Long before it became a common part of the workplace lexicon (or modern life, for that matter!), the term “burnout” was most associated with physics.
Here’s how Oxford defines it: “The reduction of a fuel or substance to nothing through use or combustion.”
Of course, it’s more common now to hear burnout used alongside words like fatigue, exhaustion, or collapse. But the original definition might be the best one — we can all relate to the image of our personal energy literally being reduced to nothing through overexertion and constant burning.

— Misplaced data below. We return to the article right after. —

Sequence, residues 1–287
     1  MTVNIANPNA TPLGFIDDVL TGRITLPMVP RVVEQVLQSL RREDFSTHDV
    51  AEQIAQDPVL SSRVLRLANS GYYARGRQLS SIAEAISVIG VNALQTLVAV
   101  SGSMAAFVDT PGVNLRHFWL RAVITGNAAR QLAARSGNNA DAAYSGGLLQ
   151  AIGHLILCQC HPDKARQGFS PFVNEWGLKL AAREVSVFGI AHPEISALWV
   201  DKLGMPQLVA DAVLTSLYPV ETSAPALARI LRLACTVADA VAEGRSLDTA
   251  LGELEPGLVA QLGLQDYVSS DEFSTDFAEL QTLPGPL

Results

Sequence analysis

Burnout is everywhere
You don’t have to be in a stressful office environment to suffer from burnout; it can stem from home life, constant social interactions or obligations, the political climate, or even social media.
Now consider how blurry the lines between personal and professional have gotten or think about how technology has made it feel like we’re always on the